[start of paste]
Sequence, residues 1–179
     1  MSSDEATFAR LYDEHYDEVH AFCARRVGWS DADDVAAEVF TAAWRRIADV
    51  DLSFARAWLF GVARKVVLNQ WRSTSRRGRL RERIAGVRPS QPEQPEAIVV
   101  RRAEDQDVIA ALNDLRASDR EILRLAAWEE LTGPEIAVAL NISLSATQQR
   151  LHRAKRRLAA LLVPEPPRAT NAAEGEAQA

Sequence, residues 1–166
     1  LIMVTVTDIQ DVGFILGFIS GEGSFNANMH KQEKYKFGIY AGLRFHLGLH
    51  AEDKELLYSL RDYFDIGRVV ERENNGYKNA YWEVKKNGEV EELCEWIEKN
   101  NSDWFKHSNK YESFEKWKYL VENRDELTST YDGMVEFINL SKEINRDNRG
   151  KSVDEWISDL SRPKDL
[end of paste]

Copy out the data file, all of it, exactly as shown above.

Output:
Sequence, residues 1–179
     1  MSSDEATFAR LYDEHYDEVH AFCARRVGWS DADDVAAEVF TAAWRRIADV
    51  DLSFARAWLF GVARKVVLNQ WRSTSRRGRL RERIAGVRPS QPEQPEAIVV
   101  RRAEDQDVIA ALNDLRASDR EILRLAAWEE LTGPEIAVAL NISLSATQQR
   151  LHRAKRRLAA LLVPEPPRAT NAAEGEAQA

Sequence, residues 1–166
     1  LIMVTVTDIQ DVGFILGFIS GEGSFNANMH KQEKYKFGIY AGLRFHLGLH
    51  AEDKELLYSL RDYFDIGRVV ERENNGYKNA YWEVKKNGEV EELCEWIEKN
   101  NSDWFKHSNK YESFEKWKYL VENRDELTST YDGMVEFINL SKEINRDNRG
   151  KSVDEWISDL SRPKDL